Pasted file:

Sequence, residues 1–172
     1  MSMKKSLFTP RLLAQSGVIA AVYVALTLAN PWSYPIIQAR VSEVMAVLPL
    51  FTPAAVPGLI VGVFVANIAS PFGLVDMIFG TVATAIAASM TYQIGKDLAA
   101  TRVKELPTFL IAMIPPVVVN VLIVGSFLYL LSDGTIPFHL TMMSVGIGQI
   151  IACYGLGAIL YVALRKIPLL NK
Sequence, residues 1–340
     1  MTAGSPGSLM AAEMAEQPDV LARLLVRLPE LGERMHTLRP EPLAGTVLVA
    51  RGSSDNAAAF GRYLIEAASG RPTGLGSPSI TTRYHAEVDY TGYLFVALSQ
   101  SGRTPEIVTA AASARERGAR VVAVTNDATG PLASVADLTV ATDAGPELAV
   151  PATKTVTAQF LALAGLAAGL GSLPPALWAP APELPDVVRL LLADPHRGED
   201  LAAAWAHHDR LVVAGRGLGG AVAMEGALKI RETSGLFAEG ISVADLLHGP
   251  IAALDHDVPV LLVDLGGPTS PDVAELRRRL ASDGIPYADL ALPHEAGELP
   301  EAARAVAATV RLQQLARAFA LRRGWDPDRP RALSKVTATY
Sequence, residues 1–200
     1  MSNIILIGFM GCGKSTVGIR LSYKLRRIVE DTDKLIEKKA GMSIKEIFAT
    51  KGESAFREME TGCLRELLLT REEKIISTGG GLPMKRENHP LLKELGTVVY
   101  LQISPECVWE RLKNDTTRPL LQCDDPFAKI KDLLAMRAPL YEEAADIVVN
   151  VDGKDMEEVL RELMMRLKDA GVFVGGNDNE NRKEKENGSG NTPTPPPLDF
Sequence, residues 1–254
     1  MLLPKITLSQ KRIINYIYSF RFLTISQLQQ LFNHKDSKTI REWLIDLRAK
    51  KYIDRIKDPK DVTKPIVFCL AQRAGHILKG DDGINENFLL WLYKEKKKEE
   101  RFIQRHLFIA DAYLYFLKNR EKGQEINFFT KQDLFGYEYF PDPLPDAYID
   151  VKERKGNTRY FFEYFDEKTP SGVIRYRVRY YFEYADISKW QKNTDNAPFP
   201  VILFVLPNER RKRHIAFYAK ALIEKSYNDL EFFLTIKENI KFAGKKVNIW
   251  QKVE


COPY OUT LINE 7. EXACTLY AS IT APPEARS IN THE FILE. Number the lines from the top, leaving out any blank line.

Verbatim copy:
     1  MTAGSPGSLM AAEMAEQPDV LARLLVRLPE LGERMHTLRP EPLAGTVLVA